Mariton: A Bear Creek Field Trip
by Tim Burris, Mariton Preserve Manager. Photos by Carole Mebus.
The Mariton Birders are always game to check out new spots. So, when Joe Vinton told me he was doing a Bird Walk for NLT at Bear Creek, I asked the Birders if they would like to go. Silly question. I filled the van with “nature nuts” and we headed north. Joe Vinton is the Preserve Manager at Bear Creek. I can’t say enough good things about what Joe, his assistant Tyler, and the many volunteers have done at this preserve. The trails are wonderful.
Almost immediately we were greeted by the song of a Black-throated Blue Warbler. Since they rarely breed at Mariton, it was wonderful to see them so plentiful in a place they like – and they definitely like Bear Creek. We got to see lots of them, which was very cool. (Here is a tip: if you are camera shy, you can’t complain when the photographer takes a less than complimentary photo.)
We also heard a Chestnut-sided Warbler very early in the walk. I associate this species with brushy areas, but we heard them continuously as we walked through Bear Creek’s forest. This is an amazingly beautiful warbler. We saw them several times, even though (like most warblers) they were constantly in motion. On the ride home, Bob made the comment that we heard Black-throated Blues and Chestnut-sided Warblers singing continuously on our hike. Amazing.
We didn’t hear many Rose-breasted Grosbeaks singing, but this one posed for everyone to see.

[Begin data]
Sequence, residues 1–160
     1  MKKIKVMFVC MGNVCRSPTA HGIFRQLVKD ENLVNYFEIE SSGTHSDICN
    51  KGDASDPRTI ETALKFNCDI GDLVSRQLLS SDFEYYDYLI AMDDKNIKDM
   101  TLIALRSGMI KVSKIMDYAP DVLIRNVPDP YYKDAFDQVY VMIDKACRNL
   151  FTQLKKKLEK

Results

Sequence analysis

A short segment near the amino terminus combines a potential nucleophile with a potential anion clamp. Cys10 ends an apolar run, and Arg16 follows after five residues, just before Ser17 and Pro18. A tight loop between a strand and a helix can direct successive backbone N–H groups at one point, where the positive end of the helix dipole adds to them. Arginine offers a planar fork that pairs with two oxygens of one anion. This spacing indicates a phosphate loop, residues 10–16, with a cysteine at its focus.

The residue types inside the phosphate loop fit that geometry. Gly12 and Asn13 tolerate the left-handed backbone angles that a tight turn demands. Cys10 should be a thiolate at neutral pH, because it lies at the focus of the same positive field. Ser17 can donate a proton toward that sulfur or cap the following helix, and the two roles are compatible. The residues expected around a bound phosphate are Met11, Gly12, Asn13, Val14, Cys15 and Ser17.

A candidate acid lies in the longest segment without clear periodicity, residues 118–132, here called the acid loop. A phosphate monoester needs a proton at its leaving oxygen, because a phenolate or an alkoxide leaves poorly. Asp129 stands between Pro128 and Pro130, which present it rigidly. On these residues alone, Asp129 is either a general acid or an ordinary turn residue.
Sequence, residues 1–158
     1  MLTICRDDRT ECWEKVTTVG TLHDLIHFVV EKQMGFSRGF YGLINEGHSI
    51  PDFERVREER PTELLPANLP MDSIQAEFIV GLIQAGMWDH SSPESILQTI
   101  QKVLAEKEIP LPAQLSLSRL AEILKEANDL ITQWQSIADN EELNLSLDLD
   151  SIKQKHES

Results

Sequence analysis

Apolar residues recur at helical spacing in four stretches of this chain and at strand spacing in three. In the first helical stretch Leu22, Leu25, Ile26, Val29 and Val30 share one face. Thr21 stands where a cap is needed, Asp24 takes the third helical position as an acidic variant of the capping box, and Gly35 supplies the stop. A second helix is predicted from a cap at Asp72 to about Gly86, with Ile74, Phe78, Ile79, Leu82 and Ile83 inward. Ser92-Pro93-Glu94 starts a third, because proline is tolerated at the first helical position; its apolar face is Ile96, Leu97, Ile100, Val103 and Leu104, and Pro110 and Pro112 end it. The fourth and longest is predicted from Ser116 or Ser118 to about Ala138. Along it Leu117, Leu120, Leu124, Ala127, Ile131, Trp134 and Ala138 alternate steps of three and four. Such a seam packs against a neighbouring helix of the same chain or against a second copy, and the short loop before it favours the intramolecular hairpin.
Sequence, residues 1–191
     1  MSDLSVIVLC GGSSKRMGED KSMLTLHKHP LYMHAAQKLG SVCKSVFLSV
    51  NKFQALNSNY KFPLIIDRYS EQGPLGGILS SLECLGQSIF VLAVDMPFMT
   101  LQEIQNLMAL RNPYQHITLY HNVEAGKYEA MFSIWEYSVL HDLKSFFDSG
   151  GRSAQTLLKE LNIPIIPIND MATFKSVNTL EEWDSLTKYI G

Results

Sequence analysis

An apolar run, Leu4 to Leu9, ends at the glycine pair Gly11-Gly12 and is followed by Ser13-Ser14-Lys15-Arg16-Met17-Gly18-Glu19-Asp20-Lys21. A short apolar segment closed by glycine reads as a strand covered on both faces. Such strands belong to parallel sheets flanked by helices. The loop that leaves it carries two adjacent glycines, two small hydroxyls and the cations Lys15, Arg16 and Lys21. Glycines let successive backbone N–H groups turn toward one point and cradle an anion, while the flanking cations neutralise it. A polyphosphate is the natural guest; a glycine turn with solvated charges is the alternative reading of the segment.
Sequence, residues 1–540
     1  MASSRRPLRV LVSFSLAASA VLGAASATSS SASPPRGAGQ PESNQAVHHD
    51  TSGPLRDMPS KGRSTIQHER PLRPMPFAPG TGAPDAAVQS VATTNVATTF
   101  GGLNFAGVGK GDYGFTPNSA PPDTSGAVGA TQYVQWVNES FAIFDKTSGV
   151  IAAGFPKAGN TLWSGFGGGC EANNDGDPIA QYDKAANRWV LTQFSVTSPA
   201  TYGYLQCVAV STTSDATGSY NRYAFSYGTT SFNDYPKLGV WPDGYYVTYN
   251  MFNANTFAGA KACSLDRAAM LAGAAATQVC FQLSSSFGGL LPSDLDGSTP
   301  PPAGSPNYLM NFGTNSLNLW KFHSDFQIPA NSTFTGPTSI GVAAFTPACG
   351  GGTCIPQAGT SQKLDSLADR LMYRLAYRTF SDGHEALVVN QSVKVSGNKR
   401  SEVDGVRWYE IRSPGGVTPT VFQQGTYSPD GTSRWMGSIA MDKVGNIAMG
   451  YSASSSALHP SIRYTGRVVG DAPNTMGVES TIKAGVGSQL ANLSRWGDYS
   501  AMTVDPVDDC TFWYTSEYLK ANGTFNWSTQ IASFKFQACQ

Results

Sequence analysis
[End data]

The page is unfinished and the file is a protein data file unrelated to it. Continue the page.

When we weren’t birding, we admired the many wildflowers growing along Bear Creek’s trails. This Painted Trillium (Trillium undulatum) was stunning. We also saw Wild Lily of the Valley, Pinksters, Sheep Laurel, Wild Bleeding Heart, Bunchberry and other great wildflowers in bloom. Since the habitat is so very different from Mariton and our usual birding spots, these were great finds for our group.
This field trip was important for me, because it reminded me that all the things that I am “used to seeing” at Mariton are still very special, and would be viewed with awe by someone coming from a different region. Someone once told me that using the word treasure was inappropriate when talking about natural wonders. They said treasure should be reserved for paintings, sculptures, and great pieces of art. Sorry, but I don’t buy that. Bear Creek and the other NLT Preserves are as rich as any museum, and filled with world class treasures. I am still fascinated (and humbled) by the beauty.